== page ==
Wolfson Institute of Preventive Medicine

Search - ZOO
Search - K2
Search - Categories
Search - Contacts
Search - Content
Search - Newsfeeds
Search - Weblinks

Inpatient and clinician perspectives on constant observation

Centre for Psychiatry

Funding Body: East London NHS Foundation Trust
Project Investigator: Stefan Priebe

{tab Overview}

The Department of Health enquiry on suicide in people with mental illness [1,2] recommended the increased use of 'constant observation' for inpatients judged to be at risk of suicide, i.e. placement of a patient within sight or reach of a mental health professional at all times.

The aim of such observation is to prevent psychiatric patients from committing suicide. This practise entails severe restrictions on patient privacy and autonomy. The East London Foundation Trust guidelines on observation state that staff must ensure that individual patient safety is balanced with the maintenance of privacy and dignity and so that therapeutic relationships are maintained [2].

There has been no research to date on how patients and clinicians perceive this balance and act to maintain it. Such research is important in order to determine the lived experiences of the patients undergoing these restrictions and the staff enforcing them, so that each can be better supported through the process, and so that reflective practise can be encouraged.

This project therefore aims to establish patient, nurse and psychiatrist perspectives on the benefits and difficulties of constant observation, and to determine how they negotiate the balance between harm prevention and preserving patient autonomy.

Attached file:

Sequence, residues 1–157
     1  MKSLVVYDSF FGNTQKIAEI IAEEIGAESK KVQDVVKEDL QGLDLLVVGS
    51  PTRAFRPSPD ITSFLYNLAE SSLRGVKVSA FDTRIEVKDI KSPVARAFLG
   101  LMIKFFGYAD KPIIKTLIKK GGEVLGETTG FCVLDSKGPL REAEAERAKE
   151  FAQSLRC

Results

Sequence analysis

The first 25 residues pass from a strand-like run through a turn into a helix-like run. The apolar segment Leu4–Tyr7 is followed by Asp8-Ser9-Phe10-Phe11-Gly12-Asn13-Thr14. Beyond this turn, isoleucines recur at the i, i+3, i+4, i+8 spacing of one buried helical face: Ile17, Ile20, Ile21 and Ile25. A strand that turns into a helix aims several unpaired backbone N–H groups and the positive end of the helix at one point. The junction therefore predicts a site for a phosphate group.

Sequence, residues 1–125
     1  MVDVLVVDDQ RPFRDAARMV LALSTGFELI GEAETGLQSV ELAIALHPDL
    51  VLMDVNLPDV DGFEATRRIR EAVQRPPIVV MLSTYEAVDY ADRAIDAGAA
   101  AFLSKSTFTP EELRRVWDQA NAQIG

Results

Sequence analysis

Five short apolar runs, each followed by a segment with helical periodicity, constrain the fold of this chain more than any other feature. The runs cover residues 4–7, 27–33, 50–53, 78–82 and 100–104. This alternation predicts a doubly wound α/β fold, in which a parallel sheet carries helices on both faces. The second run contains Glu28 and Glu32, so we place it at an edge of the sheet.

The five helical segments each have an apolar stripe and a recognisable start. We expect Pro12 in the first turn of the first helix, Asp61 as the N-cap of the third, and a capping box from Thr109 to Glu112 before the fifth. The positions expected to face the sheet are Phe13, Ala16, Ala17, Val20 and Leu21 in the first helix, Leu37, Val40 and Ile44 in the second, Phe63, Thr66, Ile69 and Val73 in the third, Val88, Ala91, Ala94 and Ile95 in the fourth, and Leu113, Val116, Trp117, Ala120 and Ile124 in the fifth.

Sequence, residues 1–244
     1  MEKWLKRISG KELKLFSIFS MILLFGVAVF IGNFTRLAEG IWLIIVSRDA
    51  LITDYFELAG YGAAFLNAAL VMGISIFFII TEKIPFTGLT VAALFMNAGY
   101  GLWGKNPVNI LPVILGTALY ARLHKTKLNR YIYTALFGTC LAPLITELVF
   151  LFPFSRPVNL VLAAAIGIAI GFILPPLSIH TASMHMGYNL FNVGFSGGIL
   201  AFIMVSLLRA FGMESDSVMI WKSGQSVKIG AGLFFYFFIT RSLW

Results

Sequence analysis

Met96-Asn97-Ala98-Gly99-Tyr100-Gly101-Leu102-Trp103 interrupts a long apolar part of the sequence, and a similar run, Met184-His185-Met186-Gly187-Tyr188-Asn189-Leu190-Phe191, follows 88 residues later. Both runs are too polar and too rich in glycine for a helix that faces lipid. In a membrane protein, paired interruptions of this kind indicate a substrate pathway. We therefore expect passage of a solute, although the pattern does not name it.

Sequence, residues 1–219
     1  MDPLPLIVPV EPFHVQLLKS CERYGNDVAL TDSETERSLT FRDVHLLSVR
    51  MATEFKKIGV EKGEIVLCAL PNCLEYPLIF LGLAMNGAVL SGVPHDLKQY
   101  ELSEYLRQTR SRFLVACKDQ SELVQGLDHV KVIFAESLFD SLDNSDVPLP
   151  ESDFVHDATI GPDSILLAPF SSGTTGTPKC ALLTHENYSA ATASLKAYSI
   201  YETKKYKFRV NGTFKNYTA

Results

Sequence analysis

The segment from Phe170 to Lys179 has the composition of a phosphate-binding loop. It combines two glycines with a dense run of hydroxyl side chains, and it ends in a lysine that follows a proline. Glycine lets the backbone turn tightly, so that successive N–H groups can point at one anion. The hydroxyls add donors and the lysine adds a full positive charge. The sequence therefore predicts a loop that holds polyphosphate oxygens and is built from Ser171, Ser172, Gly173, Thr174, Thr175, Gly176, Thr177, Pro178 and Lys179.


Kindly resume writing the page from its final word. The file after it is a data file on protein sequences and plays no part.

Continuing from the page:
Activities & Outputs

In-depth interviews are being conducted with inpatients who have experienced constant observation for self-harm or suicide risk, and with staff who have implemented the observation as well as the ward doctors making the decisions to implement or stop observation. The interviews explore patients' and staff's opinions about the benefits and difficulties of constant observation and how patients and staff work to negotiate the balance between keeping patients safe and respecting their privacy, dignity and autonomy. Thematic analysis will be used to develop a series of themes encapsulating these experiences.

{tab References}

  • Department of Health. SAFER SERVICES. National Confidential Inquiry into Suicide and Homicide by People with Mental Illness. DOH 1999.
  • National Institute for Mental Health in England. Fourth annual report on progress in implementing the national suicide prevention strategy for England. NIMHE 2006.
  • East London NHS Foundation Trust. Observation Policy. Version 3.0. ELFT 2011.

{tab Staff}


{tab Main Contact}

Kirsten Barnicot
Email: This email address is being protected from spambots. You need JavaScript enabled to view it.
Phone: +44 (0) 20 7540 6755

Return to top